The money in question is related to the costs associated with his assault charge against fiancee Sally Robinson from August last year.
As a result, a bitter feud has erupted between the Storm and Inglis, with claims coming through that Melbourne are “holding the test star to ransom”, as they are sneakily trying to retain him next year.
Inglis, who recently underwent off-season shoulder surgery, is expected to join his new Broncos team-mates in seven days, but in a twist, Storm CEO Ron Gauci hasn’t made any guarantees that Inglis will actually be there.
“I don’t think anything is guaranteed,” Gauci said.
“I don’t know about the Broncos training situation, that’s for them …. hopefully everything is resolved sooner rather than later.”
Inglis managed to avoid a conviction from his assault on Robinson, but he was ordered at the time to attend a men’s behavioural change program, as well as paying $3000 to a women’s health organisation in the western region of Melbourne.
It’s the legal fees however that have been spent over the period of 8 months in an attempt to clear Inglis’s name that have led to this recent twist.
Inglis claims that he was hardly given a choice as to who would represent him at his trial, and how his defence would be decided upon.
It’s alleged that an agreement of the cost was made and signed by a former Melbourne Storm official, with Inglis’s defence not only trying to clear his name, but also to keep the Storm’s brand intact.
“And so a lot of the costs could be proportioned back to the Storm,” said an unknown source.
“Greg has argued that he was given no choice as to who did the work and how it was done and who was involved, yet he is bring told to cover the majority of costs. They appointed a QC, not Greg.
While both Inglis and the Storm are believed to be willing to pay part of the fees, the major sticking point in the whole saga is the amount that both should pay.
Keith Bagley, Inglis’s QC, has refused to discuss the matter in question.
“I’m Greg’s lawyer and I’m bound by solicitor-client confidence. I won’t be commenting,” Bagley said.
Allan Gainey, Inglis’s manager also refused to make any comments on the matter.
The unknown source however said that: “Essentially, he’s being held to ransom on a release to the Broncos and he’s being told that unless you allow us to deduct that money for what you would otherwise get for this season, then we’re not going to give you a release”.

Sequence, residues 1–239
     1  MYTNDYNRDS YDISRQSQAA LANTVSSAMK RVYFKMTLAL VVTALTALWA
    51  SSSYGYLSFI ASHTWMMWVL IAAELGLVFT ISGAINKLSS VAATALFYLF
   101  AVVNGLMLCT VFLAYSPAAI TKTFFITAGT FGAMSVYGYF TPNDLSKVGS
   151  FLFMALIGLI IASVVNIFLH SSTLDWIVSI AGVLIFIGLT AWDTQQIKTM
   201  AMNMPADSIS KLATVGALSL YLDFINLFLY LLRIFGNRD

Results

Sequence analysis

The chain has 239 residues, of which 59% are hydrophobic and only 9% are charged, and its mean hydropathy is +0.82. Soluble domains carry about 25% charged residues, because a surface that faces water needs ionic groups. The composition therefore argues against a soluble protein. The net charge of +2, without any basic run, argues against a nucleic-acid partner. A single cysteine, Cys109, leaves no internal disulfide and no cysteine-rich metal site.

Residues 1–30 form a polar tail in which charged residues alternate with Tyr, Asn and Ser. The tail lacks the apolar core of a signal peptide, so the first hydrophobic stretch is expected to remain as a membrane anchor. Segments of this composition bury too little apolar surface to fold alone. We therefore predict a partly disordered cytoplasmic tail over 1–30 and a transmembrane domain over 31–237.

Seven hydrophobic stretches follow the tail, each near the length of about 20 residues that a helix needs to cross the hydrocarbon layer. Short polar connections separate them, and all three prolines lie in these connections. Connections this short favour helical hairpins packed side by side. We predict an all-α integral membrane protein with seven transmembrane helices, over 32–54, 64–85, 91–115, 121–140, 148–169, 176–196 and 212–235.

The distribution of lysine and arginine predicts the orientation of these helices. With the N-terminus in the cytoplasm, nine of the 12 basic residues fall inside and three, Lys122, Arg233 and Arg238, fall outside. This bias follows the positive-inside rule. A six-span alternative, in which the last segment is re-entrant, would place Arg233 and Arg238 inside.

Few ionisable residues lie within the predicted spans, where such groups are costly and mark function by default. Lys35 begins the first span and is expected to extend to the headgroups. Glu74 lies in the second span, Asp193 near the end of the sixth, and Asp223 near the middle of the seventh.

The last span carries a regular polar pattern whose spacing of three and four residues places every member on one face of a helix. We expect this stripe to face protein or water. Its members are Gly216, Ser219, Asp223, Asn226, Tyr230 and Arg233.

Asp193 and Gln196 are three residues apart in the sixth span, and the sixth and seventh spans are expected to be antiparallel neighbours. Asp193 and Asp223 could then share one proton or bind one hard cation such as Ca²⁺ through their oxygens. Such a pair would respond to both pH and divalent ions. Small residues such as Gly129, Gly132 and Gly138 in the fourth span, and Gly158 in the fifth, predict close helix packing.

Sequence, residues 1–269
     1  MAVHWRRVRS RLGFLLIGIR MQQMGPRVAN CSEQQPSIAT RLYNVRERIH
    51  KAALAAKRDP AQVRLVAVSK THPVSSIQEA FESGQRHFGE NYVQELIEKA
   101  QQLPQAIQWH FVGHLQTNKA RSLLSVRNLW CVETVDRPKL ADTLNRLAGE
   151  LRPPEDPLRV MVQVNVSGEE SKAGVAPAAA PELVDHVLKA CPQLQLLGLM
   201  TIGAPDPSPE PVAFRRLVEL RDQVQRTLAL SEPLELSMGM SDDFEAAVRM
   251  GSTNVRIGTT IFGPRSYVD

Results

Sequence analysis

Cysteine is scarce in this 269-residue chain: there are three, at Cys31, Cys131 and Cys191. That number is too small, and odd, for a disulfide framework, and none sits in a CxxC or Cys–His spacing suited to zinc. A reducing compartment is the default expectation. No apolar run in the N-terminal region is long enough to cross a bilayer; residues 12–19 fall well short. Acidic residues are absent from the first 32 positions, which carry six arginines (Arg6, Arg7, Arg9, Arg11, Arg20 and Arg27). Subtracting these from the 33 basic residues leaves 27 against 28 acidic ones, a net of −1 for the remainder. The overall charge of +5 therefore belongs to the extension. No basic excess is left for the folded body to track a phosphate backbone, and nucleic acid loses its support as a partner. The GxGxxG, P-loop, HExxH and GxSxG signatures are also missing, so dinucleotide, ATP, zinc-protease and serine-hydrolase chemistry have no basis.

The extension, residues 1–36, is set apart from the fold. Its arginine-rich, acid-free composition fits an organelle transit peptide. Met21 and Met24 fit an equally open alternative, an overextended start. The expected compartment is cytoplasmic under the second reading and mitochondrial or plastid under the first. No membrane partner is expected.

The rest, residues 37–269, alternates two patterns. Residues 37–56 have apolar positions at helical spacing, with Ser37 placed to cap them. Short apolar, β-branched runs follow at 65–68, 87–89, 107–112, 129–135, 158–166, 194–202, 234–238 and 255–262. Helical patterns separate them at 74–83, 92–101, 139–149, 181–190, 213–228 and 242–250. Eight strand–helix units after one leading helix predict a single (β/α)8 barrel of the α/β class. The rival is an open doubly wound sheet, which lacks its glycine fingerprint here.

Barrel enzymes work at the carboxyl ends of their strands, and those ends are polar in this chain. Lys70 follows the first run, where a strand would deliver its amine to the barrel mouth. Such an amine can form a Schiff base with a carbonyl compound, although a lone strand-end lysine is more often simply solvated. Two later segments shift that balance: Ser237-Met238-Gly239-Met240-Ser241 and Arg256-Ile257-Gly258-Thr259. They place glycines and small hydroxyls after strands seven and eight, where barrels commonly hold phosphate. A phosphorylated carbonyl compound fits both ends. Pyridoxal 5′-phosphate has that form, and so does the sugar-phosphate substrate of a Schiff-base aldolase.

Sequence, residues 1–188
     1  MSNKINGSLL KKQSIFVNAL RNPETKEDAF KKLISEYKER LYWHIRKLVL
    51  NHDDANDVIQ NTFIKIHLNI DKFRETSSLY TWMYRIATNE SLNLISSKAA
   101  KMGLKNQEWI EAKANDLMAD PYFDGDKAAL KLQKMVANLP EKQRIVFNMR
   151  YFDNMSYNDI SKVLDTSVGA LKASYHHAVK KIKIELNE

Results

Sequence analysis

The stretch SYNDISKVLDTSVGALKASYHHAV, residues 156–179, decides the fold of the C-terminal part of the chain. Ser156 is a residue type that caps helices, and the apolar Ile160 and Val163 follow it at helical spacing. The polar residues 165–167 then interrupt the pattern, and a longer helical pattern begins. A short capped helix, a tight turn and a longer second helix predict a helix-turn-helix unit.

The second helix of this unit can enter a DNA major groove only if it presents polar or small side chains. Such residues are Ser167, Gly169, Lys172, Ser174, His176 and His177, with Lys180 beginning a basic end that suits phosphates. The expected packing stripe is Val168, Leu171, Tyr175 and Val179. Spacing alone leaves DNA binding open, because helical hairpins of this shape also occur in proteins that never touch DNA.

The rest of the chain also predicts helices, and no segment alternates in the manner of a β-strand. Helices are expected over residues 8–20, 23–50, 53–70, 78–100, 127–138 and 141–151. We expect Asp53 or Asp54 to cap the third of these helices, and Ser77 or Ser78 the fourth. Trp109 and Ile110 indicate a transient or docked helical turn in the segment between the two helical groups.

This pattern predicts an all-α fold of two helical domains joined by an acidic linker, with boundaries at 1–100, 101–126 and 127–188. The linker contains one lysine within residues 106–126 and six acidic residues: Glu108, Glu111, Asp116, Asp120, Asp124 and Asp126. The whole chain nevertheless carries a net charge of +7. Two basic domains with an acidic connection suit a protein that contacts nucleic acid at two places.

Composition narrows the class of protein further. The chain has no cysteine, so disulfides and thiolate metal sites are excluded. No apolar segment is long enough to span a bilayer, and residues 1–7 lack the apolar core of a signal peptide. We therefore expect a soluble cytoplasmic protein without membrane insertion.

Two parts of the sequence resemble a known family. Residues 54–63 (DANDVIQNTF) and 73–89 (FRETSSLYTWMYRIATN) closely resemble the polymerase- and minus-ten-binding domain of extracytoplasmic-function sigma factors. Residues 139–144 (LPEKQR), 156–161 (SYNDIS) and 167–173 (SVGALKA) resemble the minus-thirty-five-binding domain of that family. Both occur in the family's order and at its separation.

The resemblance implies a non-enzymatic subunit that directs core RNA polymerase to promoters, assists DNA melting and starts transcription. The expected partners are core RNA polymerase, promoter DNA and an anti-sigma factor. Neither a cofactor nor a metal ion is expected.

“And they say they can get him under the salary cap [for next season]”.
The claims that have been made the Storm have been holding Inglis to ransom have been described by CEO Ron Gauci as “mischievous”, but he has raised the point that a release may not come until next season.
“He hasn’t been released because we’re trying to reconcile a statement of accounts and there are some other historical matters that we’re trying to resolve,” Gauci said.
“We’re hoping to have it resolved over the next week or so, but the deadline is the start of next season, obviously.”
When questioned about the fact as to whether or not the possibility remained that Inglis could be a Storm player in season 2011, Gauci replied:
“Anything is possible if negotiations break down. But what are the chances of him deciding to retire, what are the chances of him going overseas…that’s such an open question.”
Bruno Cullen, the current CEO of the Brisbane Broncos admits that the whole saga is a worrying concern for his club.
“Our position is that we’re just a bystander and we can only encourage all parties to get together and get it sorted as soon as possible,” Cullen said.
“We’re starting training on November 1 and that’s something we’ll have to get clarified in the next week because if he’s not cleared by November 1, I’m not too sure of the legalities of him actually joining the squad and training.”
David Gallop, the NRL Chief Executive has acknowledged that he is well aware of the whole situation and that at this stage, Inglis’s contract with the Broncos is yet to be registered with the NRL.